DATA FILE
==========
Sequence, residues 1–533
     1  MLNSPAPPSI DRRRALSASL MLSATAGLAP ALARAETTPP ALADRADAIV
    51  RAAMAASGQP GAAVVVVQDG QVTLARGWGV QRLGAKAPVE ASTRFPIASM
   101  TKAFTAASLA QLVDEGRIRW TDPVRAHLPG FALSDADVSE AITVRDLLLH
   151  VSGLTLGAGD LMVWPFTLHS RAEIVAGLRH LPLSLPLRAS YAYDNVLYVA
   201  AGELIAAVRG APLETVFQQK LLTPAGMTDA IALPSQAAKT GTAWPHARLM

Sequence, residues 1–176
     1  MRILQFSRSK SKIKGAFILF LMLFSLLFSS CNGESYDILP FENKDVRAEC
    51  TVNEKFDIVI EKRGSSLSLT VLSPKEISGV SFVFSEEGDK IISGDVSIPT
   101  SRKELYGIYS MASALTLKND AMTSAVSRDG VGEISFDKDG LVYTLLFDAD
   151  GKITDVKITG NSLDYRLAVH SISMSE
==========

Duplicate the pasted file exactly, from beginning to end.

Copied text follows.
Sequence, residues 1–533
     1  MLNSPAPPSI DRRRALSASL MLSATAGLAP ALARAETTPP ALADRADAIV
    51  RAAMAASGQP GAAVVVVQDG QVTLARGWGV QRLGAKAPVE ASTRFPIASM
   101  TKAFTAASLA QLVDEGRIRW TDPVRAHLPG FALSDADVSE AITVRDLLLH
   151  VSGLTLGAGD LMVWPFTLHS RAEIVAGLRH LPLSLPLRAS YAYDNVLYVA
   201  AGELIAAVRG APLETVFQQK LLTPAGMTDA IALPSQAAKT GTAWPHARLM

Sequence, residues 1–176
     1  MRILQFSRSK SKIKGAFILF LMLFSLLFSS CNGESYDILP FENKDVRAEC
    51  TVNEKFDIVI EKRGSSLSLT VLSPKEISGV SFVFSEEGDK IISGDVSIPT
   101  SRKELYGIYS MASALTLKND AMTSAVSRDG VGEISFDKDG LVYTLLFDAD
   151  GKITDVKITG NSLDYRLAVH SISMSE